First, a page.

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Almost half of Japanese investors call for double materiality approach in disclosures – survey

Climate change, human rights and D&I came out top when it came to engagement priorities

Nearly half of the respondents to a survey of Japanese investors on ESG said they expect companies to take a double materiality approach in their sustainability disclosures.

The Nikkei affiliate data provider QUICK ESG  surveyed 48 Japanese asset managers and five asset owners – 23 of which were PRI signatories – to “clarify the actual situations of ESG investments by institutional investors based in Japan”. The investors had investments in Japanese stocks of approximately 183.9 trillion yen ($1.6trn) as of March 2021.

Some 46% replied “double materiality should be emphasised” to a question asking what stance they expect companies to take regarding materiality. Double materiality refers to how business activities impact the environment and society, as well as how corporate bottom lines could be hurt by sustainability issues.

The findings come at a time when materiality – and the approach to it across different regions – is high up the agenda of the responsible investment community.

For instance, while new corporate sustainability rules being developed in Europe are expected focus on double materiality, when the ISSB was launched in November, the IFRS said that its new standard would focus on ‘enterprise value’, stating that its corporate disclosure requirements will include those “that address companies’ impacts on sustainability matters relevant to assessing enterprise value and making investment decisions”.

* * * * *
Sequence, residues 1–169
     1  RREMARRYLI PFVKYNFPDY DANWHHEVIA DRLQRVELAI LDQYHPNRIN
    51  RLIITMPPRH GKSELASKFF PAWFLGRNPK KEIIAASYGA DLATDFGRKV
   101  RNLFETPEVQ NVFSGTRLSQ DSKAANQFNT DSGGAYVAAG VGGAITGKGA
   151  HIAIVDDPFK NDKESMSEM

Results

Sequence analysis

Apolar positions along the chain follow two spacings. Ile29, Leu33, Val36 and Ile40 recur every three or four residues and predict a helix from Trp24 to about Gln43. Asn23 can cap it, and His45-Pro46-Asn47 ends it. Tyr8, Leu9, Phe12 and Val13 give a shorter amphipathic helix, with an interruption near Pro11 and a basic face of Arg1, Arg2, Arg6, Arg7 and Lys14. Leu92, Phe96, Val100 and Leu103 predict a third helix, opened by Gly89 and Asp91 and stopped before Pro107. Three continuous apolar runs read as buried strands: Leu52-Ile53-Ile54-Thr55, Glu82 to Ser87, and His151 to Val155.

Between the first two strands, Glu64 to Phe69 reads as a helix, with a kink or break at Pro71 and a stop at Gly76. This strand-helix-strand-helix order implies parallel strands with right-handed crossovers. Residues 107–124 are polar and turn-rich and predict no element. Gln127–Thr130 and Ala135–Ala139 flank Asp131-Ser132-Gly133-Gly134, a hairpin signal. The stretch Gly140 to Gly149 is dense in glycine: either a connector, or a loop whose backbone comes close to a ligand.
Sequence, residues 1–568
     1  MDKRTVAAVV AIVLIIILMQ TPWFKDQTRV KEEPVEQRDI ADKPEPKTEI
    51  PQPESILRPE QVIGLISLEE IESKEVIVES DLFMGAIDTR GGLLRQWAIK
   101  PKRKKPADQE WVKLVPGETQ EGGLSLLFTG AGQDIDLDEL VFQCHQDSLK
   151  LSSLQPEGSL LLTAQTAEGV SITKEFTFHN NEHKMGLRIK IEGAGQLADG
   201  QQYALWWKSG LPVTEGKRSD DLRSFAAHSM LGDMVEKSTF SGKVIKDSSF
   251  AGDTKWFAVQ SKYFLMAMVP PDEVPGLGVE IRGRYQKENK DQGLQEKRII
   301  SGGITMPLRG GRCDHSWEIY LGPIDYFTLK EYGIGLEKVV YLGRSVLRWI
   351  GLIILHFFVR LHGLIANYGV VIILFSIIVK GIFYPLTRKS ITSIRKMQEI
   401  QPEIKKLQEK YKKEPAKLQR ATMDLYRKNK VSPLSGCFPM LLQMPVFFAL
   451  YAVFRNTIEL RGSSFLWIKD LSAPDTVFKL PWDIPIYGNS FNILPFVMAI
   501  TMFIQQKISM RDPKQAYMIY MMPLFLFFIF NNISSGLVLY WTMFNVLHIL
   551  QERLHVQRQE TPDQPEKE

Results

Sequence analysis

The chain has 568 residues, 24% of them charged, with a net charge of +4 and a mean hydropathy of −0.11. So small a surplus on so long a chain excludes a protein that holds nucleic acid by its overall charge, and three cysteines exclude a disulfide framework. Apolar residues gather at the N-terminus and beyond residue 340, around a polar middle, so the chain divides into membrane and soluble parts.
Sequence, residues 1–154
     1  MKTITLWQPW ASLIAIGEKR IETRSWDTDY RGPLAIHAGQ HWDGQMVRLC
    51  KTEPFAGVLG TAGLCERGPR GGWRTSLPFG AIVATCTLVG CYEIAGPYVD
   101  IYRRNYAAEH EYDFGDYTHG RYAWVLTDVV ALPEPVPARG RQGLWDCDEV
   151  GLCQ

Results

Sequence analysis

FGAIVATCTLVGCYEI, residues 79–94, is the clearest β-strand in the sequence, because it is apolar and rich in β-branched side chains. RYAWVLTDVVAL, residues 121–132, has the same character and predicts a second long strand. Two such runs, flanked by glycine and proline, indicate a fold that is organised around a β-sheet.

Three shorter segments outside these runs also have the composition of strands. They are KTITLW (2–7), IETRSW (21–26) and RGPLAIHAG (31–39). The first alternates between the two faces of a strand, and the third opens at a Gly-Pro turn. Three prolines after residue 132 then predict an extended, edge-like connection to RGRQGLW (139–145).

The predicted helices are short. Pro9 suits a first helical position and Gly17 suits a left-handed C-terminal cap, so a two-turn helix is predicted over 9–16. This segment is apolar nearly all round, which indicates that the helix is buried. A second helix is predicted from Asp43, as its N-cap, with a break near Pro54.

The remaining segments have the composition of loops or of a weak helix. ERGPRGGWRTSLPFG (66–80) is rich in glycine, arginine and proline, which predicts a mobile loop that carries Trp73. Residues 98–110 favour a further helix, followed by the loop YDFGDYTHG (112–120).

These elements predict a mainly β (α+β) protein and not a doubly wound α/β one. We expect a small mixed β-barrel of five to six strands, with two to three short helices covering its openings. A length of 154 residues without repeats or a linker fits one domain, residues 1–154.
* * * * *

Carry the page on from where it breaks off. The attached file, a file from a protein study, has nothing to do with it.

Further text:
Returning to the Japanese survey, 17% of respondents replied to the materiality question saying that single materiality “should be emphasised, but ESG issues affecting business performance in the medium to long term that are not included in those materialities should be identified”. A further 14% said that companies should shift to a double materiality approach in either five or 10 years.

Only 7% of respondents called for an emphasis on single materiality only.

For the 15% who selected “Other”, responses included: “We consider both to be important if they are desirable from the perspective of increasing shareholder value” and “the situation differs depending on the investment strategy”.

More broadly, when it came to the most popular ESG investment approach, 87% prioritised integration, while engagement was a close second at 83%.

On stewardship, the top theme was climate change, followed by human rights, diversity and inclusion, environmental supply chain, and biodiversity. Biodiversity had notable shot up in terms of engagement importance – some 36% of respondents said it was a top theme of engagement, compared with just 9% in the previous survey.